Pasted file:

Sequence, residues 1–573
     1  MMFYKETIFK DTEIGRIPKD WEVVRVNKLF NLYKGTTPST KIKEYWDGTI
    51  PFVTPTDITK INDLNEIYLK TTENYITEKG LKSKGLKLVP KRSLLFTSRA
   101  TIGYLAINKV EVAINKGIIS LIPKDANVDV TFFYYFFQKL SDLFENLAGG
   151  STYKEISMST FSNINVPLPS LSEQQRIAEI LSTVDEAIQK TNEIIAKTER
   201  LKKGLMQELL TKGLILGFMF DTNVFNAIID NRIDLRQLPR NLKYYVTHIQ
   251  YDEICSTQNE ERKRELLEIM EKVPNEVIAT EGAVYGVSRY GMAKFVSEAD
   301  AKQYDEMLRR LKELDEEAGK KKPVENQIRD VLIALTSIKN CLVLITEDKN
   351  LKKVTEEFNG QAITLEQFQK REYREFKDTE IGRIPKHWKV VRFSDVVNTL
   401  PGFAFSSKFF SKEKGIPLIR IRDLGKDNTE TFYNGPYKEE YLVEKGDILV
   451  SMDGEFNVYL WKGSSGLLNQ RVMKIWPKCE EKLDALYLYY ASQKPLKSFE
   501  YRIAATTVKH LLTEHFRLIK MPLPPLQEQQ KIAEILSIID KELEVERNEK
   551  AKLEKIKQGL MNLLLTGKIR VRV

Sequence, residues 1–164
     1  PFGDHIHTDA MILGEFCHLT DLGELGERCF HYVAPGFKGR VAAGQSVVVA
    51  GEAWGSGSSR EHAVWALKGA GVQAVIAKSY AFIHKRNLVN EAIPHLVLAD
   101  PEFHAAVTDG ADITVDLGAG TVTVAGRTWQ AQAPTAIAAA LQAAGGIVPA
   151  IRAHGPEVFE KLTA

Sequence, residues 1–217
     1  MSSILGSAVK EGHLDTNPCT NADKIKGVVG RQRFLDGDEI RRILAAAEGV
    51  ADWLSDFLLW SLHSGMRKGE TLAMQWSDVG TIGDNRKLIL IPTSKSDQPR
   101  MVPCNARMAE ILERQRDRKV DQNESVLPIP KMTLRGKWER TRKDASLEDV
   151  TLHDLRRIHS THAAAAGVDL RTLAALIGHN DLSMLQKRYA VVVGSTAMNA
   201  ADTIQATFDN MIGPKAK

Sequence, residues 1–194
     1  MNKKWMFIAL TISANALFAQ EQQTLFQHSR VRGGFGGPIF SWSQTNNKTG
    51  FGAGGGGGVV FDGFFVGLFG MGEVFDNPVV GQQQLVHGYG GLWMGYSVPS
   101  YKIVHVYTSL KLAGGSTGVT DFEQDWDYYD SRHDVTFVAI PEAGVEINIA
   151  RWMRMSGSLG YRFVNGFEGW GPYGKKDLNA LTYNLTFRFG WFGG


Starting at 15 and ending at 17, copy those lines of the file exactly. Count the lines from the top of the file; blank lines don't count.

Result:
     1  PFGDHIHTDA MILGEFCHLT DLGELGERCF HYVAPGFKGR VAAGQSVVVA
    51  GEAWGSGSSR EHAVWALKGA GVQAVIAKSY AFIHKRNLVN EAIPHLVLAD
   101  PEFHAAVTDG ADITVDLGAG TVTVAGRTWQ AQAPTAIAAA LQAAGGIVPA